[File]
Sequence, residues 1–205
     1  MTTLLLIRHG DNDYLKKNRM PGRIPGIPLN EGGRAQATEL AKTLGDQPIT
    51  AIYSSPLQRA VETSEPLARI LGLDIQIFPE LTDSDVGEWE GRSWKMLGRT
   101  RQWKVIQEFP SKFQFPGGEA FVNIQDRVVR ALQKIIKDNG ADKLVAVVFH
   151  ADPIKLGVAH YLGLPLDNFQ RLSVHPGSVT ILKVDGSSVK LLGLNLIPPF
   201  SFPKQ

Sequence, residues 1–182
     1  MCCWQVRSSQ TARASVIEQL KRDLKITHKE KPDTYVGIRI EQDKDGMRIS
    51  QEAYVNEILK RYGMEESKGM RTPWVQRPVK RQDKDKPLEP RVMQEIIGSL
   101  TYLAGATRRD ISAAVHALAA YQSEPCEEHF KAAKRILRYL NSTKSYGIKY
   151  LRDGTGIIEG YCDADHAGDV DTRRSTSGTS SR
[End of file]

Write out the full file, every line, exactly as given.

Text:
Sequence, residues 1–205
     1  MTTLLLIRHG DNDYLKKNRM PGRIPGIPLN EGGRAQATEL AKTLGDQPIT
    51  AIYSSPLQRA VETSEPLARI LGLDIQIFPE LTDSDVGEWE GRSWKMLGRT
   101  RQWKVIQEFP SKFQFPGGEA FVNIQDRVVR ALQKIIKDNG ADKLVAVVFH
   151  ADPIKLGVAH YLGLPLDNFQ RLSVHPGSVT ILKVDGSSVK LLGLNLIPPF
   201  SFPKQ

Sequence, residues 1–182
     1  MCCWQVRSSQ TARASVIEQL KRDLKITHKE KPDTYVGIRI EQDKDGMRIS
    51  QEAYVNEILK RYGMEESKGM RTPWVQRPVK RQDKDKPLEP RVMQEIIGSL
   101  TYLAGATRRD ISAAVHALAA YQSEPCEEHF KAAKRILRYL NSTKSYGIKY
   151  LRDGTGIIEG YCDADHAGDV DTRRSTSGTS SR